The news year brings good tidings for cinephiles: the first titles confirmed for the program, all launched in major fall festivals, will have their Romania premiere in Cluj-Napoca this spring.
Two of the directors previously awarded at TIFF will return with their most recent films: Spanish filmmaker Rodrigo Sorogoyen, whose Stockholm won of the 2014 Transilvania Trophy, will bring The Realm (San Sebastian, Toronto), an absorbing political thriller about corruption at all levels of power that may as well have been inspired by Romanian realities. The film has just been nominated for a record 13 Goya Awards. Then Uruguayan Federico Veiroj, winner of the Special Jury Prize at TIFF for his 2011 La vida util, brings to TIFF Belmonte (San Sebastian, Toronto), a moving portrait of a freshly divorced painter seeking a balance between his successful career and his personal dependency on his 10-year-old daughter.
A different look at painting is provided by My Masterpiece (Veneția), a new black comedy by Gaston Duprat, whose The Distinguished Citizen was presented last year in TIFF. Accused by his gallerist of failing to promote his own work, painter Renzo Nervi vandalizes one of his paintings by shooting bullets into it. The intended act of self-vandalism is embraced as performance art, triggering a delicious farce about the business of art.
A decade after winning an Oscar for The Lives of Others, Florian Henckel von Donnersmarck returns to the race with Never Look Away, which was presented in competition in Venice and has been freshly nominated for best foreign language film at the Golden Globes. Inspired by the life of Gerhard Richter, the director cuts across four decades of German history, from the Nazi regime to the Communist one in East Berlin, in an engrossing epic about the phantoms of the Holocaust and art in a totalitarian regime.
Rojo, Benjamin Naishtat’s third feature, is a tragicomedy set in a small Argentinian town. A banal evening in a bar where a lawyer is verbally attacked by a stranger turns into a complex story filled with secrets, silences, and crimes. The San Sebastian festival jury, which included Romanian director Constantin Popescu, awarded no less than three prizes to this film: for direction, acting, and cinematography. Another San Sebastian selection arriving in TIFF is Quien te Cantara, the firm that confirms the status of Carlos Vermut (Magical Girl) as rightful successor of Pedro Almodovar. This dark melodrama, reminiscent of Ingmar Bergman’s Persona, centers on a star of the ‘90s preparing her comeback after a decade of absence. But as she loses her memory in an accident, she needs to relearn to sing with the help of a fan who impersonates her idol in karaoke shows.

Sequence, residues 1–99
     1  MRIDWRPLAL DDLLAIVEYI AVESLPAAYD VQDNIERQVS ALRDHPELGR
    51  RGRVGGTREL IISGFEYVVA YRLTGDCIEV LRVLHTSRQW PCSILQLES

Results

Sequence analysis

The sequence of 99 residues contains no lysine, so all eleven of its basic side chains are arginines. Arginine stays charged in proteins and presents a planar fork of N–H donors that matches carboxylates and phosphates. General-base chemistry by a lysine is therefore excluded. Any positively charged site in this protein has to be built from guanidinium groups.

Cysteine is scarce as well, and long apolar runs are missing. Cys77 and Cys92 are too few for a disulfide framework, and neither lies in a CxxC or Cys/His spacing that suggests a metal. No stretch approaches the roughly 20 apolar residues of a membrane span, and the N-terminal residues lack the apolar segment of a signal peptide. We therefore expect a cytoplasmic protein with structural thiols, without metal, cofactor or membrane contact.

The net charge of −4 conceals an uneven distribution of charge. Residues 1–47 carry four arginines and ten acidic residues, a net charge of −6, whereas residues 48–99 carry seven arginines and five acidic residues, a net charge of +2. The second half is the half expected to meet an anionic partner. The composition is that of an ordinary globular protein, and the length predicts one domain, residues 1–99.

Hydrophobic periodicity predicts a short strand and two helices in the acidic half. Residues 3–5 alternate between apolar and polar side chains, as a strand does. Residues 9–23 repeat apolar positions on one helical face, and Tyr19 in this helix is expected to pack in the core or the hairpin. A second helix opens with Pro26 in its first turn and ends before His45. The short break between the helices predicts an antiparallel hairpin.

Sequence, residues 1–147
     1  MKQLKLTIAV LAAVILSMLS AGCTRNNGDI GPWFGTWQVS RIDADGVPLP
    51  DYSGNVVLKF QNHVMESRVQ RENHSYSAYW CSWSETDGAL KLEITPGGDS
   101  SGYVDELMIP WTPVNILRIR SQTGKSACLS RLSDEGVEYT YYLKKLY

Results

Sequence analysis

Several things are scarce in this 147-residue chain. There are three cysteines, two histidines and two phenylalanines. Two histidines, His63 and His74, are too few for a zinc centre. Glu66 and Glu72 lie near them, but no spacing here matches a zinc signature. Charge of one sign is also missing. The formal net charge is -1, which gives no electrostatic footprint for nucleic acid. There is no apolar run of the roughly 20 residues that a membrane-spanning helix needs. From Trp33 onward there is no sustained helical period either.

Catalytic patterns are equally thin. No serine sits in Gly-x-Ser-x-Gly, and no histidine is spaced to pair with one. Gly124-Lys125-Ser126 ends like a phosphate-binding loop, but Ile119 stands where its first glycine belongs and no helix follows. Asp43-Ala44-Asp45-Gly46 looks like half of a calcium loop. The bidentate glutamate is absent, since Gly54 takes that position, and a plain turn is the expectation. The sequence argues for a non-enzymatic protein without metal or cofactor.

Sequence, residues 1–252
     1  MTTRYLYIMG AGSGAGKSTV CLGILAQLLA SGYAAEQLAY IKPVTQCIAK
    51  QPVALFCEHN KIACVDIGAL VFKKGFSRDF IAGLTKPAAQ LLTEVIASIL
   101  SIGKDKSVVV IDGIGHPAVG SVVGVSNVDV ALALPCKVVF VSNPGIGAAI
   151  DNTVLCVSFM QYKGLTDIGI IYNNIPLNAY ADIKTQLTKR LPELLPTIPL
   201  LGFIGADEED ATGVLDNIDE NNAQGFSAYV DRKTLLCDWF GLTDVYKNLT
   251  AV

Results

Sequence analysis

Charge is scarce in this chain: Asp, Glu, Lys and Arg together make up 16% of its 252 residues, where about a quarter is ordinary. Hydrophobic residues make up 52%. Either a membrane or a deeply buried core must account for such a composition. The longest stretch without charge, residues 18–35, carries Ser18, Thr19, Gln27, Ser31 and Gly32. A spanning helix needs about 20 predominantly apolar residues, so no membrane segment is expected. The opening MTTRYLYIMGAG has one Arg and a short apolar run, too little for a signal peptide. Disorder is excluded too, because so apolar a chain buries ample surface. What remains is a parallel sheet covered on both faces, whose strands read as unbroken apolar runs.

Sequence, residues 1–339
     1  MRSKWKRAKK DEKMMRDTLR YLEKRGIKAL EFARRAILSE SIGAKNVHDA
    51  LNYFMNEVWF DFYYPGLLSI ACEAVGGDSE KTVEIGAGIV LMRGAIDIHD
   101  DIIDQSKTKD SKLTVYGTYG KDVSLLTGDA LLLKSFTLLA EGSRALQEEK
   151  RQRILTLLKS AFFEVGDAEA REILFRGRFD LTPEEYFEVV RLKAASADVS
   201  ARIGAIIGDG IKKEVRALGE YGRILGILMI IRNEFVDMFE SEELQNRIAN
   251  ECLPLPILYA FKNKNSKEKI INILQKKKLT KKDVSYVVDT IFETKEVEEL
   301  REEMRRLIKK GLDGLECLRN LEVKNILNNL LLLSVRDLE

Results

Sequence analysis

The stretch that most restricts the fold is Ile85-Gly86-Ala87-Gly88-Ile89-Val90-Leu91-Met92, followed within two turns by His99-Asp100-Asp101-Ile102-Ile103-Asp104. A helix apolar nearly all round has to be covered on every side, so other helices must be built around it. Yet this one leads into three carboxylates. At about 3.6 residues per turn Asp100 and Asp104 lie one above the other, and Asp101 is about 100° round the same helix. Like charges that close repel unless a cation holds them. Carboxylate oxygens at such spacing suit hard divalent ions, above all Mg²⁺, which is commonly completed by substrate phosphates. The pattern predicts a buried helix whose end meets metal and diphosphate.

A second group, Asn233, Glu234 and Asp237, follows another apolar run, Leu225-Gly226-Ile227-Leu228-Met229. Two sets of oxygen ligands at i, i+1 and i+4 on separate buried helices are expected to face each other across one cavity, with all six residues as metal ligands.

As all the other films by Matias Bize (The Life of Fish, The Memory of Water) were presented in prior years at TIFF, 7:20 Once a Week could not be an exception. A chance meeting forces Manuel and Julia to reconsider their marriages and wish for more as a one-night stand stretches out into more. Olivier Assayas’s Parisian comedy Doubles Vies (Veneția, Toronto) also deals with double lives. Unexpected references to Star Wars, Taylor Swift, and Theodor Adorno are brilliantly woven into the story of a successful editor who has to adapt to the digital era, in which books no longer physically exist, couples are a flexible concept, and life seems to re-mold itself around social media with each new day.
British director Peter Strickland (Katalin Varga) reurned this year to major festvals with the stylized horror In Fabric (Toronto, San Sebastian), which gives new cinematic meaning to the term “a dress to die for.” An ode to the transformative powers of fashion and a scathing critique of consumerism, the film brings back to TIFF a Strickland regular, the Cluj-born actress Fatma Mohamed.
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The Transilvania International Film Festival is organized by the Association for the Promotion of Romanian Film and the Association for the Transilvania Film Festival.